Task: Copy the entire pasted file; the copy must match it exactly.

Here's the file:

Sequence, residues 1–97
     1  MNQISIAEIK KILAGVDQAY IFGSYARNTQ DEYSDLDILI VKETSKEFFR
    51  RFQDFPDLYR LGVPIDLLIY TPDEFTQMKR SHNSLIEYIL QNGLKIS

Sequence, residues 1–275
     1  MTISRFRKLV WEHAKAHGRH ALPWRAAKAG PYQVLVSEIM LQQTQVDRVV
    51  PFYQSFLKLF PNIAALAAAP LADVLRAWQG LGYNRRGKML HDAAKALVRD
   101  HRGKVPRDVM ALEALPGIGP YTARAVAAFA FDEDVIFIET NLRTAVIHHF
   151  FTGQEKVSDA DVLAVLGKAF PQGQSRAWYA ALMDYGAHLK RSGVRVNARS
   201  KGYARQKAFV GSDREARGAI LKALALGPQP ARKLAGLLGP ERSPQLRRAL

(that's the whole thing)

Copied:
Sequence, residues 1–97
     1  MNQISIAEIK KILAGVDQAY IFGSYARNTQ DEYSDLDILI VKETSKEFFR
    51  RFQDFPDLYR LGVPIDLLIY TPDEFTQMKR SHNSLIEYIL QNGLKIS

Sequence, residues 1–275
     1  MTISRFRKLV WEHAKAHGRH ALPWRAAKAG PYQVLVSEIM LQQTQVDRVV
    51  PFYQSFLKLF PNIAALAAAP LADVLRAWQG LGYNRRGKML HDAAKALVRD
   101  HRGKVPRDVM ALEALPGIGP YTARAVAAFA FDEDVIFIET NLRTAVIHHF
   151  FTGQEKVSDA DVLAVLGKAF PQGQSRAWYA ALMDYGAHLK RSGVRVNARS
   201  KGYARQKAFV GSDREARGAI LKALALGPQP ARKLAGLLGP ERSPQLRRAL